Josh Hamilton, the chief academic and scientific officer of the Marine Biological Laboratory (MBL), likes to point out that we humans share the same basic genes with starfish. But there's one main difference: "Starfish can regenerate their arms," says Hamilton. "Why can't we?"

Thanks, in part, to a recent Recovery Act award, the MBL can now try to answer this question and others related to regenerative biology.

The Marine Biological Laboratory received $802,500 in federal stimulus funds through the National Institutes of Health. It is part of an initiative to establish a Center for Regenerative Medicine at the Laboratory which was spearheaded by a $10 million grant from the Massachusetts Life Sciences Center and a matching $15 million grant from the Howard Hughes Medical Institute.

Angus McQuilken, vice president for communications at the Massachusetts Life Sciences Center, point out that regenerative medicine is a growing field within life sciences. "The funding will provide the Marine Biological Laboratory with the ability to completely renovate and allow for broader inquiry into regenerative medicine and more potential to improve human health," says McQuilken.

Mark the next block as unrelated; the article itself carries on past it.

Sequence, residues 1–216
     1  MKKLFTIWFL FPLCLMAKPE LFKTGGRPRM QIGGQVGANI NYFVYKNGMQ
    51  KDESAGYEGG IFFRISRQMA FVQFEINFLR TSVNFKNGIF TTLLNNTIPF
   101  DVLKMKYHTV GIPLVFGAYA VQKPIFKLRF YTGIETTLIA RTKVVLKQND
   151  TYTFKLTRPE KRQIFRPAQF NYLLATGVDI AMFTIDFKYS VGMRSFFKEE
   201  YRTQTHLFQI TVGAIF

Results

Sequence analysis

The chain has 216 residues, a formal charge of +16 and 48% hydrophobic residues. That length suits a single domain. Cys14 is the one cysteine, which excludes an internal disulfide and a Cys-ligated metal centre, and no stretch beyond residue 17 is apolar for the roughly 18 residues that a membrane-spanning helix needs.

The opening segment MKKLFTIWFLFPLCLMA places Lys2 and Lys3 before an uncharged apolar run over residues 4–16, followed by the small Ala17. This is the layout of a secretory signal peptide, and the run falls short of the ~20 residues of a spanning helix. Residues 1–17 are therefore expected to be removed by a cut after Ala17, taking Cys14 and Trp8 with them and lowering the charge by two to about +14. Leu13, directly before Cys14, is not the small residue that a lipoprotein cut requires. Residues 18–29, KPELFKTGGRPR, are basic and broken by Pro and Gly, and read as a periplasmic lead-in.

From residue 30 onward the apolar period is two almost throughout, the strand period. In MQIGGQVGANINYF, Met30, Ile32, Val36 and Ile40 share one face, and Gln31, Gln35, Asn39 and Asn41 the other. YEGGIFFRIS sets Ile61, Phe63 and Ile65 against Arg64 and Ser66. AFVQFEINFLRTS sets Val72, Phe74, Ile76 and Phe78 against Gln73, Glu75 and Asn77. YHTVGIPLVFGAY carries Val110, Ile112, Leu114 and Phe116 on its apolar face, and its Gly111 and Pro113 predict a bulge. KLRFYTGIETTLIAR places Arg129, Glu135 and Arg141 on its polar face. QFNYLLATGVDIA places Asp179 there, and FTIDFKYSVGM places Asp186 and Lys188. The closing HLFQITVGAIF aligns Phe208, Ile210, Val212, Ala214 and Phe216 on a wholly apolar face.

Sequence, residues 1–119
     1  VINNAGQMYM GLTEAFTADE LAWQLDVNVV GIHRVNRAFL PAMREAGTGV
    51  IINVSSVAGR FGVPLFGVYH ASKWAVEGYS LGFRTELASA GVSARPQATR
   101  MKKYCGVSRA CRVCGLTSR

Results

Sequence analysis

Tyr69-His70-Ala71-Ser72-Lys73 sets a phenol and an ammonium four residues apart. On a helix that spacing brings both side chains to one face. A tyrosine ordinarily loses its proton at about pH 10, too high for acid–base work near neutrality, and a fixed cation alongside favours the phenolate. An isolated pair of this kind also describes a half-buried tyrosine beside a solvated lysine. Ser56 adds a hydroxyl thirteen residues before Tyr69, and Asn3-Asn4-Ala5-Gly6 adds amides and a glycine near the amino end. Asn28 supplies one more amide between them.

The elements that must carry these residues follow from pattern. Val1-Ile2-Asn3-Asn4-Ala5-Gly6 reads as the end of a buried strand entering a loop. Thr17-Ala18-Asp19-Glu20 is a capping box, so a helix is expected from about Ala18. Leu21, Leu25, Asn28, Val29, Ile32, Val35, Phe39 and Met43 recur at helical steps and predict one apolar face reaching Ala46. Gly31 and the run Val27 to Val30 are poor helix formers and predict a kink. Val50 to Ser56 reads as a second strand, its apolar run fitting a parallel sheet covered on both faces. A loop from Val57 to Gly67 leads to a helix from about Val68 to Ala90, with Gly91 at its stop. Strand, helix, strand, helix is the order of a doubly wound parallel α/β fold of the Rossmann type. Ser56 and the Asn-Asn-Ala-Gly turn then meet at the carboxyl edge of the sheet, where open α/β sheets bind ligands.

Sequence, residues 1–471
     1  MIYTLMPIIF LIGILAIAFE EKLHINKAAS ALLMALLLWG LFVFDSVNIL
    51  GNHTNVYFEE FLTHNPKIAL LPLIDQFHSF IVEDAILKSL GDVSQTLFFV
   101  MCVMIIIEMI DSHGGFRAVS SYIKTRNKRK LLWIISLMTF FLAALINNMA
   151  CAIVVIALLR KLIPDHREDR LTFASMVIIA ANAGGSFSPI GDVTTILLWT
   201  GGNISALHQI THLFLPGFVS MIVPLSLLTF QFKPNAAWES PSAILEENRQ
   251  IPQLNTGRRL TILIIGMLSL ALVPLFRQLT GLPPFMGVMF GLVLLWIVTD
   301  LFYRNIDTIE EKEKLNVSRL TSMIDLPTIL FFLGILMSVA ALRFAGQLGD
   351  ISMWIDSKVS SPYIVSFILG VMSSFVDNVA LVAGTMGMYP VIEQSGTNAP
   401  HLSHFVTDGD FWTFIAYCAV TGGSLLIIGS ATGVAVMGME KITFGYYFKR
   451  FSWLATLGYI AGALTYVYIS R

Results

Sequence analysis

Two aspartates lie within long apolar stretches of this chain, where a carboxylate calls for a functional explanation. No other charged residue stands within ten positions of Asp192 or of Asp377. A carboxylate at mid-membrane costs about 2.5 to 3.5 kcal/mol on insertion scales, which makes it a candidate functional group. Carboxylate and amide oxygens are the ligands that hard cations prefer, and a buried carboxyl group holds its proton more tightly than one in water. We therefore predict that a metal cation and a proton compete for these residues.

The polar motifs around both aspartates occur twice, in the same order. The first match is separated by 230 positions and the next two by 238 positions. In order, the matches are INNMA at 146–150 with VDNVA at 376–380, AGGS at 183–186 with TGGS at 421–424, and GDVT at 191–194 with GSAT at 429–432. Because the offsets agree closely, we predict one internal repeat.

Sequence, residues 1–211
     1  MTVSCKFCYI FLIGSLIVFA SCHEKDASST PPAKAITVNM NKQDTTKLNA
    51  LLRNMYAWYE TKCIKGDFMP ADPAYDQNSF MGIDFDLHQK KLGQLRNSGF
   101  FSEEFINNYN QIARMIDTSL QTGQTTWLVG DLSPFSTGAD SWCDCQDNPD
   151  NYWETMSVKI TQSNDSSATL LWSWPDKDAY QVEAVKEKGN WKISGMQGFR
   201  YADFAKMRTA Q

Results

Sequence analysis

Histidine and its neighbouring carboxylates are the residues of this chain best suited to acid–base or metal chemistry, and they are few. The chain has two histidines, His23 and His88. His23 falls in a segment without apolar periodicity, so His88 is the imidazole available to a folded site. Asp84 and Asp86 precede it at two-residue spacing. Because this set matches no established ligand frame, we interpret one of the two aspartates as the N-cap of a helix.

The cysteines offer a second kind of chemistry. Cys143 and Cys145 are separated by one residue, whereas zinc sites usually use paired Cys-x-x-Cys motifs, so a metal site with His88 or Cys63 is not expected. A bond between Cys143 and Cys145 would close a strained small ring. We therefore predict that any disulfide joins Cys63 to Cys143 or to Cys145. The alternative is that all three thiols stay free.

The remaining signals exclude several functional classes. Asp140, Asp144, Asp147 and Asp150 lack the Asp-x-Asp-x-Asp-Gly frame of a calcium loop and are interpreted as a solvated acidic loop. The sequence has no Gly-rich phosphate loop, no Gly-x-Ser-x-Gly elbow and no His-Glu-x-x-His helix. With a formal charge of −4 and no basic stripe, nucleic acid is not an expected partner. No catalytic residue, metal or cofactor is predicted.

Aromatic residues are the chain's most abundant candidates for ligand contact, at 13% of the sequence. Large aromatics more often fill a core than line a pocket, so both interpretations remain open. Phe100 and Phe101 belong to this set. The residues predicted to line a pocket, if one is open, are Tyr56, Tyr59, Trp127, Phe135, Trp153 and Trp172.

The Recovery Act award will enable the Laboratory to staff the new center and provide them with start up funds. "We will be able to hire two researchers at the faculty level," says Hamilton. "The timing was really good for us. When this ARRA grant came out we realized it was a perfect match for us."

Hamilton emphasizes that the ARRA grant is an important component to the success of the new Center. "We greatly appreciate the funding from the State to renovate our labs and create this new Center, "says Hamilton, "and the new facilities will greatly enhance our research. But of course science is done by scientists, and this will now enable us to recruit the best and brightest minds to the MBL to make new discoveries in this important new field that will ultimately benefit all of us."

Hamilton says the focus of the new center is to use marine and other aquatic organisms, with the goal of understanding how they regenerate."Others are looking at human stem cells but our niche is looking at lower organisms and how we can learn from them," he says. "It's a complimentary focus."

Hamilton notes that the Laboratory gave the NIH a commitment to sustain these positions once the two-year grant runs out. "The grant got them in the door," he adds, "so it's tremendously helpful."